The Rise of Antibiotic Resistant Sexually Transmitted Infections

Each year, more than 25 million pounds of antibiotics are consumed annually. The CDC deems at least half of these to be unjustified, leading to a rise in antibiotic resistance across different bacterial species. This rise in resistance is of great concern to global health officials since there are few, if any, new antibiotics being developed. Antimicrobial resistance is increasing among sexually transmitted pathogens1. As with common STIs such as gonorrhea and chlamydia, researchers are currently witnessing an emergence of resistant strains2.

Antibiotic resistant STIs are a growing public health concern. In the last international estimate of global STI incidence, the World Health Organization estimated that 340 million adults were infected with an STI3. The implications on the well-being of children are considerable, as STIs are known to be responsible for significant morbidity in mother and child. Stillbirths, premature delivery, blindness and respiratory diseases of the newborns are frequent complications caused by STIs4.

While antibiotic resistance is rising, the antibiotic arsenal is dwindling. Nearly all new antibiotics are derivates of existing compounds that have been modified chemically in laboratories. In fact, there is only one remaining class of antibiotics recommended by the CDC to treat resistant gonorrhea1. Commonly used antibiotics such as penicillin and tetracycline have become ineffective in treating resistant STIs, and are showing higher rates of resistance in developing countries in Sub-Saharan Africa.  In developing countries, antibiotic use is less restricted5 and patient compliance is less reliable.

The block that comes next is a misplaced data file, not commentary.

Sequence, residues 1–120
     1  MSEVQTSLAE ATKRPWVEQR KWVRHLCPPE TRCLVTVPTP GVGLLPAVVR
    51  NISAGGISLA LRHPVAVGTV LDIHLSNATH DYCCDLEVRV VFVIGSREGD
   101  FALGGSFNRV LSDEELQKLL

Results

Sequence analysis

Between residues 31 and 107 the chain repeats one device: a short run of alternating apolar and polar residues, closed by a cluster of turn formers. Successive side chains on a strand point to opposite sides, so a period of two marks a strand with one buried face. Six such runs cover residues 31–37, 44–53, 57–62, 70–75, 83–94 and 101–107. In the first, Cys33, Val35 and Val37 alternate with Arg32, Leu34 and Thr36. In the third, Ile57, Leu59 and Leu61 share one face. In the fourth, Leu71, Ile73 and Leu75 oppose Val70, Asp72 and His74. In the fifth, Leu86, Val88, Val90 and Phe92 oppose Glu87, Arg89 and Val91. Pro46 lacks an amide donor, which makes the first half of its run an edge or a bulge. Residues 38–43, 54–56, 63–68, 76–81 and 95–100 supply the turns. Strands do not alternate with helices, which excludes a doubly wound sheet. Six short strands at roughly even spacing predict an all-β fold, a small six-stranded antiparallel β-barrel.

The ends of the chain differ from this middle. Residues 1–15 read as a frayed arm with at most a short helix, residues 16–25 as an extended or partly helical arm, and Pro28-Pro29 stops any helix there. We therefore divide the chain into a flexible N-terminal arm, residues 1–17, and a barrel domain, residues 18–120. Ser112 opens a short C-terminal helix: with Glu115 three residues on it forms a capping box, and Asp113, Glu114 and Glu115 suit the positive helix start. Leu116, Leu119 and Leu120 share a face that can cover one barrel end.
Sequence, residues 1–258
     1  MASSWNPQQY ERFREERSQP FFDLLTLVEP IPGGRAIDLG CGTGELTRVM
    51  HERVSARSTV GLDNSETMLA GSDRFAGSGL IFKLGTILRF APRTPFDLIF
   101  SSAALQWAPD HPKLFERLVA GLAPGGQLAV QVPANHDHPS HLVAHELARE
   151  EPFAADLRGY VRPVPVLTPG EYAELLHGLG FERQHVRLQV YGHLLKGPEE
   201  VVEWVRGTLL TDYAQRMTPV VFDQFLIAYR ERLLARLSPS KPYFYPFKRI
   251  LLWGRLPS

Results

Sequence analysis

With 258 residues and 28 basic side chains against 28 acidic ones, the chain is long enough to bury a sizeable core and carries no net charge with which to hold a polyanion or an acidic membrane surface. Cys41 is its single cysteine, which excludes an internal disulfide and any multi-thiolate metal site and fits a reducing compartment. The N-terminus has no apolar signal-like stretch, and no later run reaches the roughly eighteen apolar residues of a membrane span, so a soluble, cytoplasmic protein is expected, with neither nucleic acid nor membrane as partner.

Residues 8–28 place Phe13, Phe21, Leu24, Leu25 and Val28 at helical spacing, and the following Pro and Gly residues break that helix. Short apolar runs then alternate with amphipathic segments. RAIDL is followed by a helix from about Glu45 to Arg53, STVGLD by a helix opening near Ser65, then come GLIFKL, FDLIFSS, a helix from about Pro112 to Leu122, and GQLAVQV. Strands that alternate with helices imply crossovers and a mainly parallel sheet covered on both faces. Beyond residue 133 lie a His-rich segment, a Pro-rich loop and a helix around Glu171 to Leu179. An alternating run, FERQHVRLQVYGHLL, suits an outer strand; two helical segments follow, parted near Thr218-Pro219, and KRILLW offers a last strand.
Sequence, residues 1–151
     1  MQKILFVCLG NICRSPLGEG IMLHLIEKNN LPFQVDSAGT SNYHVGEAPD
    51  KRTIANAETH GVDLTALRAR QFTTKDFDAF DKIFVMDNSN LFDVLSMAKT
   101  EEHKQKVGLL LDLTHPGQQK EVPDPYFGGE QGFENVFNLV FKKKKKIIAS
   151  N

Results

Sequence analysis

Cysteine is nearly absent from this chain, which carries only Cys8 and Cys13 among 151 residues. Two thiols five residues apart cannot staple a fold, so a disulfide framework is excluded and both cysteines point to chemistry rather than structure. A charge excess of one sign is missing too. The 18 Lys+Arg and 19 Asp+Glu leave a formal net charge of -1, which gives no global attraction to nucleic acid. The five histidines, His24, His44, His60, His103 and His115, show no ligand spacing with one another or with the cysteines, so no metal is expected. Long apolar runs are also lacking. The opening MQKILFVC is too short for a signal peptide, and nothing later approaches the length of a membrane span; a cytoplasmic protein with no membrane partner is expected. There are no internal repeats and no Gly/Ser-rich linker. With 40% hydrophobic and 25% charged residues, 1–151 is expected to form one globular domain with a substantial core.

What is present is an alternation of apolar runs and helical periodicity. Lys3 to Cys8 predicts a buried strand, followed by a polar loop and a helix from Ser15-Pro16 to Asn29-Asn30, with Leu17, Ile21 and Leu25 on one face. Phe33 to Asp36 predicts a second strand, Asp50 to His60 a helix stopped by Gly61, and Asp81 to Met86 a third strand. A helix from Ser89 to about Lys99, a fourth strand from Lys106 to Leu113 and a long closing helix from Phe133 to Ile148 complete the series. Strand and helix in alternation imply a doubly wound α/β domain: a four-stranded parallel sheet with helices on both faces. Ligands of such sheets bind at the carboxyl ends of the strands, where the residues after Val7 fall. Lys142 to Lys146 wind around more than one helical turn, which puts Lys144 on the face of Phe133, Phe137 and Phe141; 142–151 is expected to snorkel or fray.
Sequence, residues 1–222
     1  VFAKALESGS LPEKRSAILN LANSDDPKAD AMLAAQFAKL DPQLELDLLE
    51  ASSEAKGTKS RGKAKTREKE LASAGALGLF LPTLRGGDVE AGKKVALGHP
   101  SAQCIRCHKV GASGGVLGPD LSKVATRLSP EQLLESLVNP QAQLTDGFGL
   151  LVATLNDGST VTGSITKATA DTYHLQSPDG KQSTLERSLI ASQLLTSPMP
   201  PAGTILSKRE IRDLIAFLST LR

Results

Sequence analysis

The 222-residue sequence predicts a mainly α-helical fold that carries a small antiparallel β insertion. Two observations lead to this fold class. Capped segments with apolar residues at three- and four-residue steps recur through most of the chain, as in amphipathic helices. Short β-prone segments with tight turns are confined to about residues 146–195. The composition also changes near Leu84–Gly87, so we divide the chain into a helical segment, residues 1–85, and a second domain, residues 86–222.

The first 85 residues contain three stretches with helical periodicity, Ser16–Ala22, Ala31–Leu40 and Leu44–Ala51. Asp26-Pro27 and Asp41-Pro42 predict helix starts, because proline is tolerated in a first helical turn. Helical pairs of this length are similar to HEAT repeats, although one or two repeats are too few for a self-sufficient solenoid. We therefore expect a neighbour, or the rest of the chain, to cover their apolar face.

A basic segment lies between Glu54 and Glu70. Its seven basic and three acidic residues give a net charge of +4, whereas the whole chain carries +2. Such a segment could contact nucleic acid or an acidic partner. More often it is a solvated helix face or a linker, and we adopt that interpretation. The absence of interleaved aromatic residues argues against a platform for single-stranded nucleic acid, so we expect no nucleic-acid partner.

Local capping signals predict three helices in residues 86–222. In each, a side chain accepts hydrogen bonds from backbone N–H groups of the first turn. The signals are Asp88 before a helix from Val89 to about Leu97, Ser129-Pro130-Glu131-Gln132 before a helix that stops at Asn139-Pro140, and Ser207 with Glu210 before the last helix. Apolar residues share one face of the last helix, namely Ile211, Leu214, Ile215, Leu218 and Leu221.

Inadequate treatment, often occurring with women in developing countries, can lead to a variety of complications like chronic pelvic pain and infertility. In order to provide effective treatment and prevent further transmission of resistant STIs, treatment recommendations should be guided by the local prevalence of STI resistance. Many developed countries have programs in place to monitor antibiotic resistant STIs, but these endeavors are severely lacking in developing countries. A higher level of awareness and a new approach are required in these areas to address increasing antibiotic resistance among STIs.

1. Centers for Disease Control and Prevention: Antibiotic Resistant Gonorrhea

2. Somani et al. Multiple Drug Resistant Chlamydia trachomatis Associated with Clinical Treatment Failure. Journal of Infectious Diseases. Apr 2000 Vol 181(4):1421-1427

3. AVERT HIV & Aids: STD Statistics Worldwide 2001

4.Goeman J et al. The Epidemiology of Sexually Transmitted Disease in Africa and Latin America. Semin Dermatol. 1990 Jun;9(2):105-8

5. Mandomando et al. Antimicrobial Drug Resistance Trends of Bacteremia Isolates in a Rural Hospital in Southern Mozambique. Am J Trop Med Hyg 2010. 83(1):152-7


Related Posts Plugin for WordPress, Blogger...

One Response to “The Rise of Antibiotic Resistant Sexually Transmitted Infections”

  1. 鼻咽癌 says:

    I agree with your points , wonderful post.

Leave a Reply

Staypressed theme by Themocracy